I agree. One of the questions I had as a kid was how can anyone know the truth? I love the High Holidays because for me it does become a time of looking inward. Who have I done wrong to, how can I fix it? How can I become a better person? We have to ask forgiveness from those we have hurt. I think because there is such an emphasis on personal behavior and our accountability we strive to always hit the mark.
I really agree and I find the High Holidays beautiful for the same reason. For instance, I find that the Ten Commandments are a little curious -- certainly there is merit in following them out of respect for G-d, and I'm sure G-d appreciates our efforts to uphold His Laws. But I find it less meaningful if one only follows the Commandments due to a sense of fear of G-d, as in what might happen if one disobeys.

It seems to me that there is far greater value in reaching a spiritual evolution of your own soul, where you don't need to consciously follow the Ten Commandments, because they've already naturally become an integrated part of your intrinsic nature or being. In such a posture, one acts right out of true remorse or compassion for one's fellow human being/animal -- and not out of fear of repercussions.

Yom Kippur offers people an exploration of the deep and internal experience, and in such a posture of repentance I think genuine remorse can bloom. Usually gratitude is right behind!!!!!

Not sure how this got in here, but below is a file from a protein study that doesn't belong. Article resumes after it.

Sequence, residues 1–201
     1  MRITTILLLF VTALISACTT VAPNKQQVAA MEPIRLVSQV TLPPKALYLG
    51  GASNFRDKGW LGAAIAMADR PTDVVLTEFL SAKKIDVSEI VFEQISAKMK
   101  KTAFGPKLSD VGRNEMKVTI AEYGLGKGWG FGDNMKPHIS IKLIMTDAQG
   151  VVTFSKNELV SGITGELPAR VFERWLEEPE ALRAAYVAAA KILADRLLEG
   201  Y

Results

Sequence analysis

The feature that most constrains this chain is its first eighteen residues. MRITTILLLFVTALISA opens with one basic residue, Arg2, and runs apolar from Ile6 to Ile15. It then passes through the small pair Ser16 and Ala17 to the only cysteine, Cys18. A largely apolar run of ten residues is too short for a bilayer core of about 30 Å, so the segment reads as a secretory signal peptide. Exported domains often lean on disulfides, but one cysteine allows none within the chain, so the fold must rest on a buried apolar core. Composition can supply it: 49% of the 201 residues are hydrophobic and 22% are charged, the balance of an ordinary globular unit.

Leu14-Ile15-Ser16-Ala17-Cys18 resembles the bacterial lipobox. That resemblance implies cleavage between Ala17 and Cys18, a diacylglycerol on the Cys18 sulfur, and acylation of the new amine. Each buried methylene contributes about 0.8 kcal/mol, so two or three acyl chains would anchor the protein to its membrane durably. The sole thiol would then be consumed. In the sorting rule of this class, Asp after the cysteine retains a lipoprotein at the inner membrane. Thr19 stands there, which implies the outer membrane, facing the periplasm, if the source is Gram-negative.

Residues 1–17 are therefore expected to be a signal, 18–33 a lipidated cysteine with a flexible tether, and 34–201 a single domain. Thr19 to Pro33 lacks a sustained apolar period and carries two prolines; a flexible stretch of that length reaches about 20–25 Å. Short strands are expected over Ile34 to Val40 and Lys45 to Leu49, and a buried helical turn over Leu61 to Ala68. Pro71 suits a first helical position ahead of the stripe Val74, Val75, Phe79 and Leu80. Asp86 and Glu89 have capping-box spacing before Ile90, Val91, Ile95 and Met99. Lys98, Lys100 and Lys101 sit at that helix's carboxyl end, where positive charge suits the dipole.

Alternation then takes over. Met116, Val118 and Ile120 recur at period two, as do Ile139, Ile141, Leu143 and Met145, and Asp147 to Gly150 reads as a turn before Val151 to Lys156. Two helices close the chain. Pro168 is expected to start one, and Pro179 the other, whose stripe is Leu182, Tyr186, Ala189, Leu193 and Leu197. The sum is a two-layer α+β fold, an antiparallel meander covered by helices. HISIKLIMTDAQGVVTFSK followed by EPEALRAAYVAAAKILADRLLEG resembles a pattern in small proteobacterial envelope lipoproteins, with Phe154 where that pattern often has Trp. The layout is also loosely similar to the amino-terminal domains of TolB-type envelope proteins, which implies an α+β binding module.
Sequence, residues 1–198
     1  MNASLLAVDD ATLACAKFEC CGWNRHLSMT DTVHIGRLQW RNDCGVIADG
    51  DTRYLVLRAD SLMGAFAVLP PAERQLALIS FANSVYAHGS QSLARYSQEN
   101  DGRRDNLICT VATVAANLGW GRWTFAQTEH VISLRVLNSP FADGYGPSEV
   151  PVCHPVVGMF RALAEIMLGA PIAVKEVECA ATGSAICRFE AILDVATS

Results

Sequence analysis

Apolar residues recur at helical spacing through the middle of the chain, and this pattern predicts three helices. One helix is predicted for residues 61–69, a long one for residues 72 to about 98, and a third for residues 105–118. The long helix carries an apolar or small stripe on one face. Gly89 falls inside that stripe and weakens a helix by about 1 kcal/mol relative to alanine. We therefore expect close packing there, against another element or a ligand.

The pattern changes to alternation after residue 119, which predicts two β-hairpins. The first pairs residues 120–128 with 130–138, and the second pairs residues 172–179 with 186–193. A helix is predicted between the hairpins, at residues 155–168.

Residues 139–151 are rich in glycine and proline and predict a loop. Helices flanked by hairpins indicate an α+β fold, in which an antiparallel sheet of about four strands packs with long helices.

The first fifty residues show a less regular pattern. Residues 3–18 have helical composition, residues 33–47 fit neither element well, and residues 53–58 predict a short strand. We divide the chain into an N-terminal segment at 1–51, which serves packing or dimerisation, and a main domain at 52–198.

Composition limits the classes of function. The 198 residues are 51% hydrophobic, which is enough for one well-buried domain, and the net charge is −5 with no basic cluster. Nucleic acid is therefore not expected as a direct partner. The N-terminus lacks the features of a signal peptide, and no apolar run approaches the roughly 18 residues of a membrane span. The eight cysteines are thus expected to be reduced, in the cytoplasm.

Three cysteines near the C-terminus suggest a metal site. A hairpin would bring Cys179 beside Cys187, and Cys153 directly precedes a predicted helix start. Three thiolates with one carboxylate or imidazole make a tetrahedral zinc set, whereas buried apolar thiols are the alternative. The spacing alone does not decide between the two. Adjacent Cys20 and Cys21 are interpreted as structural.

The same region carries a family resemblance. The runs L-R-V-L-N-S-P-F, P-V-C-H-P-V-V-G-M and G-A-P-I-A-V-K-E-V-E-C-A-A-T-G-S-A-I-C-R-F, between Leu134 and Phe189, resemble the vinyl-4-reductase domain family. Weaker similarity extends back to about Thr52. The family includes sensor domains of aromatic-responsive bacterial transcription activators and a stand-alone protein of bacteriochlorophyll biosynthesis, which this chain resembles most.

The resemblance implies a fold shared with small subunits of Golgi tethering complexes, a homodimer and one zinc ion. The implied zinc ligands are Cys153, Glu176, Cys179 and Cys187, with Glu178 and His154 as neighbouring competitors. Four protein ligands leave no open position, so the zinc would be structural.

Thanks for posting, love your ideas.
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Old 11-13-2010, 11:29 AM
 
Location: Not.here
2,828 posts, read 3,871,678 times
Reputation: 2357
Quote:
Originally Posted by Jazzymom View Post
I think his concept is very close to mine in a way. I am very drawn to the kabalistic (not Madonna's version) of the nature of G-d, Ein Sof and the Devine presence in everything.

But I will confess I know very little. I took a 3 part class on Kaballah and I want to learn more.

I think this is the article I was looking at this a.m.

Einstein's God, or The Hopes for Secular Spirituality (Part 3) : IntentBlog (http://www.intentblog.com/archives/2007/09/einsteins_god_o_3.html - broken link)

Gotta go right now......... back later.
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Old 11-13-2010, 10:18 PM
 
9,341 posts, read 26,913,327 times
Reputation: 4523
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From Judaism 101, The nature of G-d.